Water stress caused the reduction of kernel yield and yield components (Table 3). Some yield components were more affected by drought than others. The Number of Spikelets Per Spike (NSPS), the number of kernels per spike (NKPS), the Kernel Yield Per Spike (KYPS) and the Total Kernel Yield (TKY) were more sensitive to water stress than the other yield components as they accused a reduction, compared to the control, of 31.94, 43.49, 47.32 and 38.16%, respectively. However, barley genotypes responded differently to water deficit. The genotypes 'Manel', 'Momtez', 'Roho', 'Tej' and 'Kounouz' were more affected by water stress since they had significant a yield reduction, compared to the control, ranging from 52.4 to 59.2% (Table 4). The genotypes 'Rihane', 'Ardhaoui' and 'Safra' appeared to be more tolerant to water stress and had a yield reduction, compared to the control, of 15.6, 19.03 and 22.9%, respectively. The genotypes 'Rihane' and 'Ardhaoui' come from the southern Tunisia characterized by a desert climate. Their tolerance to water stress would be acquired by their culture for several years in a desert climate. The doubled haploid lines ‘DH2’and ‘DH3’ seemed to be the most tolerant to water deficit with a yield reduction, compared to the control, of 20.32 and 8.10%, respectively. The line ‘DH3’ transgressed his parent ‘Ardhaoui’ tolerant to drought.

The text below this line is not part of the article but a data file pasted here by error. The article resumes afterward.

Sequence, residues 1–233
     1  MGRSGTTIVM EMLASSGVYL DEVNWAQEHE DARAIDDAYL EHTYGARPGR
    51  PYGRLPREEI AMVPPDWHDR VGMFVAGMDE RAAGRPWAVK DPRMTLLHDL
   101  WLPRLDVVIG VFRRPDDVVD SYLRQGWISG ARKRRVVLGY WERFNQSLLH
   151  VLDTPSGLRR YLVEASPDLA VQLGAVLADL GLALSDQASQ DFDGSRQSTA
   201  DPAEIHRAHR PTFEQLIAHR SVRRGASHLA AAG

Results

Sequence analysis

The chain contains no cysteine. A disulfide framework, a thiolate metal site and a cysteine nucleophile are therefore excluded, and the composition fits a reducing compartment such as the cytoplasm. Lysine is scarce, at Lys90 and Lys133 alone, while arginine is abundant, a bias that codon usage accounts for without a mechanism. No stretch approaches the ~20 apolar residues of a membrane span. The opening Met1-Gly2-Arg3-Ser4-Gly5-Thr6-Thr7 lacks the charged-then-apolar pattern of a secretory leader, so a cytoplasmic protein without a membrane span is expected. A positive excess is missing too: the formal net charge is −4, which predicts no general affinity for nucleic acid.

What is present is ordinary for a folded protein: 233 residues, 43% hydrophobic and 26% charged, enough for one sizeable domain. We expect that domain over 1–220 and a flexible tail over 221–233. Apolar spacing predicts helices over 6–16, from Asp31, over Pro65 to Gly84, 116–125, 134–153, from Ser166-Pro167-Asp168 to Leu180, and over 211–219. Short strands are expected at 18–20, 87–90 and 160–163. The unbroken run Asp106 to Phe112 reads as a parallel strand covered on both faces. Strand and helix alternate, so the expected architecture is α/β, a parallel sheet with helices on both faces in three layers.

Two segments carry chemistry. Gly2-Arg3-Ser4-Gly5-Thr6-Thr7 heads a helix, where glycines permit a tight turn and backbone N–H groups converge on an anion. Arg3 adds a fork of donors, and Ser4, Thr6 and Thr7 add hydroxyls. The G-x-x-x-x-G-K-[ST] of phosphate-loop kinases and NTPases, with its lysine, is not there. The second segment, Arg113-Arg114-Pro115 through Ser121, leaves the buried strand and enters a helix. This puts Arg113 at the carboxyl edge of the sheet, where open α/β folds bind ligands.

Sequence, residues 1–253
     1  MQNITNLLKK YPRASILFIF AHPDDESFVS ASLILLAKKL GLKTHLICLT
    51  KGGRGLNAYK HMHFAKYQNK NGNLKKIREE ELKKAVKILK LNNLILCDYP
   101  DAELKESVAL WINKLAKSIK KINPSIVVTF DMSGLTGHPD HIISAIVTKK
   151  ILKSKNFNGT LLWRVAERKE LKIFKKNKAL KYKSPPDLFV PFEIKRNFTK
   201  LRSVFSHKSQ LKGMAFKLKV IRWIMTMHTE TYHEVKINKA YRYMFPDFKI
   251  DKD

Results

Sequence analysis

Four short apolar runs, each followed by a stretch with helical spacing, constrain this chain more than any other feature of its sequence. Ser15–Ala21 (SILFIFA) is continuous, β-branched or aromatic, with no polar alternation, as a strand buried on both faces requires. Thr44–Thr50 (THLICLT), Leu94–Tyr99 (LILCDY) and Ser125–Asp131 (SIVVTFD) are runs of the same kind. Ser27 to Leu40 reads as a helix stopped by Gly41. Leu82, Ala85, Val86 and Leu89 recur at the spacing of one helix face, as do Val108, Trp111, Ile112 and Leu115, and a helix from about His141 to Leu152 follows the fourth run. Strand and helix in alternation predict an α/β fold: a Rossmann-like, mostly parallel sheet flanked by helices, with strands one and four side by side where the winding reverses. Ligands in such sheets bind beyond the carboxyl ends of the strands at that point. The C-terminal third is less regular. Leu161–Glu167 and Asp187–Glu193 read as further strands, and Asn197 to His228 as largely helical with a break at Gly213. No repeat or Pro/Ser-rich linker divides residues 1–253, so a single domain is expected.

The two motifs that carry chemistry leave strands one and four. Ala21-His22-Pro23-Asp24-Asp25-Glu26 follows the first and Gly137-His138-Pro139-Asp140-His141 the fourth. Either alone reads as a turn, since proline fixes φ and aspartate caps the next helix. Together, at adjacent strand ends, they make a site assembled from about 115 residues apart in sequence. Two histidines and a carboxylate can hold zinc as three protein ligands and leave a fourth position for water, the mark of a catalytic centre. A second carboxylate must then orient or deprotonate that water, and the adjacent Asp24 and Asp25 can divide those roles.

Treatment NSPP NSPS NKPS KYPS (g) TKW (g) TKY (g)
Control 13.62a 27.88a 19.68a 1.12a 61.11a 4.14a
Water stress 10.80b 19.0b 11.12b 0.59b 52.33b 2.65b
Reduction (%) 20.70 31.94 43.49 47.32 14.36 38.16